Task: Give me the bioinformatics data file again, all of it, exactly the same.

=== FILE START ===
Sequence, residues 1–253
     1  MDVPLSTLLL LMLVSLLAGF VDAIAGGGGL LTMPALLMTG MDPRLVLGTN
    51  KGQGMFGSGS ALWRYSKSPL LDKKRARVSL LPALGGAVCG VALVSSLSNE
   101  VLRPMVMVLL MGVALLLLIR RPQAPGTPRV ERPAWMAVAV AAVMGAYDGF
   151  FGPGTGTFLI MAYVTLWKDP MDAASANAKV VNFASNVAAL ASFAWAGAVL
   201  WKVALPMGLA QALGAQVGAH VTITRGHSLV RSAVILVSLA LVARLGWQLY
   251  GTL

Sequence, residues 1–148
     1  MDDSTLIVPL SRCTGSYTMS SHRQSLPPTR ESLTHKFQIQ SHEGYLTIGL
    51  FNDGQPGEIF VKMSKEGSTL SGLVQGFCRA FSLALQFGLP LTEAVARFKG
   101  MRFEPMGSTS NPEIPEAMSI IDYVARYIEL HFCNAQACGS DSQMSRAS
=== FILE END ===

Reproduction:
Sequence, residues 1–253
     1  MDVPLSTLLL LMLVSLLAGF VDAIAGGGGL LTMPALLMTG MDPRLVLGTN
    51  KGQGMFGSGS ALWRYSKSPL LDKKRARVSL LPALGGAVCG VALVSSLSNE
   101  VLRPMVMVLL MGVALLLLIR RPQAPGTPRV ERPAWMAVAV AAVMGAYDGF
   151  FGPGTGTFLI MAYVTLWKDP MDAASANAKV VNFASNVAAL ASFAWAGAVL
   201  WKVALPMGLA QALGAQVGAH VTITRGHSLV RSAVILVSLA LVARLGWQLY
   251  GTL

Sequence, residues 1–148
     1  MDDSTLIVPL SRCTGSYTMS SHRQSLPPTR ESLTHKFQIQ SHEGYLTIGL
    51  FNDGQPGEIF VKMSKEGSTL SGLVQGFCRA FSLALQFGLP LTEAVARFKG
   101  MRFEPMGSTS NPEIPEAMSI IDYVARYIEL HFCNAQACGS DSQMSRAS